Save money on a self catering holiday

Hello Dear Reader,


Huelgoat Market


I’ll be blogging about this all week. It’ll help me get ready for going away for the summer.

When we get on the ferry in the summer, the atmosphere is palpable. Families have saved all year and for most of the travellers, that two weeks is the only holiday the family will have. Many are laden with everything they need, from tents, boats, bikes and others have two suitcases full of clothes in the boot. Many families are travelling in convoy with extended family, siblings, all the children and three dogs. They may well be going to self catering accommodation in France, which can be found very reasonably if you do your research and find a good deal. Many gites will take pets which will save you hundreds of pounds in dog minding fees and they are family members and it’s great to go on holiday with them.

So, here’s five frugal things to do or take with you to save money on a self catering holiday.


Choose inland accommodation instead of coastal. This will save you a lot of money if you are travelling in a larger group. You will be able to find a cheap studio beach side apartment in the school holidays if you’re a couple or just a family with two children and no pets. If you want to go in a group, take your pets and have plenty of space then rent inland. An hour from the coast will be the cheapest.


Take food with you for the first couple of days. You might not have any idea where you are, where the supermarkets are, what time the cafes open or know when the shops do and don’t open. In our village, the shops open Sunday morning but some of them, along with the bank, are closed on Mondays. Take a cool box with easy to cook food: bacon, eggs, butter, bread, squash for the kids to drink, biscuits, snack, some crisps, a homemade quiche or cake wrapped in foil, so you’ve got something ready when you get there. Pack a couple of litres of UHT milk, teabags and coffee so, you can open the door and make yourselves a drink when you get there. If you’ve just driven miles, you’ll be glad of it.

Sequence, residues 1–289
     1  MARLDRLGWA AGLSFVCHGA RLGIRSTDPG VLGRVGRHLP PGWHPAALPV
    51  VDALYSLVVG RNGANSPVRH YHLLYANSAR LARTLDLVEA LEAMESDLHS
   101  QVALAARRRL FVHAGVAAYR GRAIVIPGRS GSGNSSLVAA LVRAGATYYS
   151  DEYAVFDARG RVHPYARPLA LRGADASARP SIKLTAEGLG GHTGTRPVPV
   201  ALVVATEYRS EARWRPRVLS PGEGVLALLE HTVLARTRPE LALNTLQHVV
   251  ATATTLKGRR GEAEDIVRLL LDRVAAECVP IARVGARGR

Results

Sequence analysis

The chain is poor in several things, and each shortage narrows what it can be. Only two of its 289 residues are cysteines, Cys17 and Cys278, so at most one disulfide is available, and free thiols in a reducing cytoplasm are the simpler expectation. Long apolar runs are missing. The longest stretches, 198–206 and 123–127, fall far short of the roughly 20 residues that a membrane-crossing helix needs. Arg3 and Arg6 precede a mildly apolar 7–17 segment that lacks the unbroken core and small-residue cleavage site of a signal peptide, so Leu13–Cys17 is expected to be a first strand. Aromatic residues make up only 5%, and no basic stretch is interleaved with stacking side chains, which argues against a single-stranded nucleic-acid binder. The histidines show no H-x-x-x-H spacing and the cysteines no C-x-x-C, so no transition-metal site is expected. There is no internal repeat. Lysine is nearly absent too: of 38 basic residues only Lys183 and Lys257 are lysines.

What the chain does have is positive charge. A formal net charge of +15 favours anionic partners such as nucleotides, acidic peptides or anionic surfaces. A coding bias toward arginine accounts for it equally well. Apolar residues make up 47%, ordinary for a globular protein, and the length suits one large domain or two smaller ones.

Take plenty to keep yourselves and the kids amused: books, games, jigsaws, cards, a laptop loaded with films will mean you can have ‘down time’ without having to add in the expense. You may not want to go out every day and you can buy most of the above in charity shops. I take a jigsaw every time, it’s daft to think as an adult but I find it relaxing on a warm evening to sit with this on a garden table as it’s light a warm until 10pm.